“What I have made very clear and many of my colleagues have made very clear is that the governor should resign," said Bronx Democrat Sen. Gustavo Rivera. "Maybe some people forgot that we said that once — but I have not. Considering that this is not a criminal investigation — at least the ones that relate to impeachment — the question is whether he’s a trustworthy partner in governance. And we have said he is not.” He added for good measure that he looks forward to working on “many more pieces of legislation” with Lt. Gov. Kathy Hochul — on the assumption that she will take Cuomo’s place sooner rather than later.

“Obviously he would run for reelection because his ego would not allow him to do anything less, but for the sake of governance in the state we cannot allow him to be the Democratic nominee," Rivera said. "It would be unconscionable to allow this guy to be in that position.”

More than 50 Democratic state lawmakers called for Cuomo's resignation in March, but there doesn’t appear to have been a moment when that prospect was under consideration on the Capitol’s second floor, where the executive’s offices are located. Some have since joined forces with him on issues that affect their districts. Senate Majority Leader Andrea Stewart-Cousins, who was among those who called on Cuomo to quit, stood with the governor in April at an event and thanked him for promoting vaccination efforts in Yonkers. She later reiterated that her call for Cuomo's resignation remains unchanged.

Cuomo, in the months since the scandals broke, has stayed busy but specific with his events and bedfellows, around but aloof and away from appearances in the state's Capitol. It's a familiar salute to most of his decade in office, but a far cry from the persona he cultivated during the pandemic. On Tuesday he took a whack at addressing rising gun violence by declaring the shootings a state of emergency and signing a first-in-the-nation attempt to open up firearms manufacturers to liability. He did not take questions.

James has stayed busy, too, and more visible than ever. She’s touted her role in multistate antitrust action and her lawsuit against the NRA, marched in two New York City parades, and in the past two weeks made rare appearances in Albany and Syracuse to promote her office’s separate take on combating both drug trafficking and gun violence across the state.

Looming over all of these more-routine activities is the prospect of tumult to come once the James report is released. If it contains new revelations or more-embarrassing details, the governor's fate might be sealed and the upcoming governor's race turned upside down. After all, President Joe Biden — a longtime friend and ally of the governor — said in March that if the stories are confirmed, Cuomo should resign, and will likely "end up being prosecuted, too."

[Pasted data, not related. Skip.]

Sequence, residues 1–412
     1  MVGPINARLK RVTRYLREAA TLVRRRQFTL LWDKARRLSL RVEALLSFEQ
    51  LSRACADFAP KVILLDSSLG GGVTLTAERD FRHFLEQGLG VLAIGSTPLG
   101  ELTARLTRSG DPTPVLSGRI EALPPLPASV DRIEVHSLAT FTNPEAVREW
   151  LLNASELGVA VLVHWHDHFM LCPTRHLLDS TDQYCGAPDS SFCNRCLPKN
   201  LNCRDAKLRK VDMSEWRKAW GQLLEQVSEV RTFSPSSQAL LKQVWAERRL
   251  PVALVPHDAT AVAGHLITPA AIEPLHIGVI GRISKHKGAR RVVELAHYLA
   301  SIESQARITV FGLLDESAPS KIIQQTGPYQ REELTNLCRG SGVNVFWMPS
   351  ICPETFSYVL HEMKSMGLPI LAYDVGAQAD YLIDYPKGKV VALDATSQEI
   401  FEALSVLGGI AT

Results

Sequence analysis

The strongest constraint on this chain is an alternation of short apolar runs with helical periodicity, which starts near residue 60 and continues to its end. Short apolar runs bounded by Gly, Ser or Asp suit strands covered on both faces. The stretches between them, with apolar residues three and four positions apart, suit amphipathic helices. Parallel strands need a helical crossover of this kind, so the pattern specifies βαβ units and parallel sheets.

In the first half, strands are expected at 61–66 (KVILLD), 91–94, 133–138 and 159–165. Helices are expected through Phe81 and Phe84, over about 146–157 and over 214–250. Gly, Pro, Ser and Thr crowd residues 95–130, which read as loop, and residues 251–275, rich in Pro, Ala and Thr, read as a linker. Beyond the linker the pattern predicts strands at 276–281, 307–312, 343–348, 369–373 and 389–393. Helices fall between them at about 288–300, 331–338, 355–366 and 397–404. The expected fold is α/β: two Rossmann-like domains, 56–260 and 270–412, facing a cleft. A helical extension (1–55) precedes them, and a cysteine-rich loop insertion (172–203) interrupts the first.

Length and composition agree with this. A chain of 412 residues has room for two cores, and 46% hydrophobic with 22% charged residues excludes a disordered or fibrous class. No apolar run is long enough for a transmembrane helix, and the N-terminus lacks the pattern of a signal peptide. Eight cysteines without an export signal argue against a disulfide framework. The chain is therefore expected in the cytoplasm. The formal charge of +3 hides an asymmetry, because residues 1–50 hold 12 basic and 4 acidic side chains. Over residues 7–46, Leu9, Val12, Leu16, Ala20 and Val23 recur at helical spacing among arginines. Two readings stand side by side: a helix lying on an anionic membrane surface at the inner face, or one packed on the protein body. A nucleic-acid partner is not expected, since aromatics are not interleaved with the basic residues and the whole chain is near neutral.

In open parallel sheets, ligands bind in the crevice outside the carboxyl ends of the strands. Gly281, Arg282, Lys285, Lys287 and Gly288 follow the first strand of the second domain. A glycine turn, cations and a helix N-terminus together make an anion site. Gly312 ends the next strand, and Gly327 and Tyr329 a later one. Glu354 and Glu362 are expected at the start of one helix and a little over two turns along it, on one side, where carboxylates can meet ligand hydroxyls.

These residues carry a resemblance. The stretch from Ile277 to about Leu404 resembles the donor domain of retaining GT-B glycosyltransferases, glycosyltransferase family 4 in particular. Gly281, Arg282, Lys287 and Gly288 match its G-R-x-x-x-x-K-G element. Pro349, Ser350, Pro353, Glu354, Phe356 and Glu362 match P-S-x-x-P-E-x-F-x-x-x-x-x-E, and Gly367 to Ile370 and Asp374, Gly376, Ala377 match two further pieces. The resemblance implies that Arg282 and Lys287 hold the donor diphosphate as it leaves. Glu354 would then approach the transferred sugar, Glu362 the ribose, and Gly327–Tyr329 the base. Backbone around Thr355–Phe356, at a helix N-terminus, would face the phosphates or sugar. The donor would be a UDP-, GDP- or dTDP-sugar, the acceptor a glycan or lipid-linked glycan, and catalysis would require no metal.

In contrast to much of the speculation about the James report, the Assembly's impeachment probe has inspired doubts about just how aggressive it will be as it covers some of the same ground. Several of the women who accused Cuomo of harassment and their advocates have declined to participate in the Assembly probe, saying the chamber has historically shown itself ill-equipped to handle complaints of sexual harassment against its own members.

And a possible end of the impeachment investigation seems far off — potentially more distant than James's. The Judiciary Committee announced on June 30 that it would begin issuing subpoenas but members say that doesn't mean it is close to completing the review, which reportedly is wider in scope, considering sexual harassment allegations, misuse of resources to write his personal memoir, potentially withholding information on both Covid-19 nursing home deaths and the safety of the Hudson River bridge he recently named after his father. The speed at which the Assembly moves may also depend on what James finds.

In a more practical sense, the waiting will soon nudge up against planning for a potential 2022 primary.

Several names, including that of James herself, have been floated as potential Democratic nominees should Cuomo be impeached or choose not to run again, but that list so far has little overlap with those who might actively challenge the incumbent. Cuomo has signaled he remains committed to the fourth term run he declared in 2019, most recently with a $10,000 per plate fundraiser June 29 and a virtual "grassroots reception" July 6 to grow the $16.8 million he had in his war chest in January.

Voters so far appear mixed regarding Cuomo's future. Though his popularity hasn't shifted much recently, 23 percent of registered voters in a recent Siena poll said he should “resign immediately.” A total of 39 percent said he should “serve out his term but not seek reelection next year” while 33 percent want him to “continue to serve out [his term] and run for reelection next year.”

Most voters have probably made up their minds on Cuomo one way or another, regardless of what the investigations conclude, Langworthy said. In other words, they're the only ones not waiting at all.

As for Cuomo, "I don't see a guy that's leaving anywhere … He's done apologizing," Langworthy said.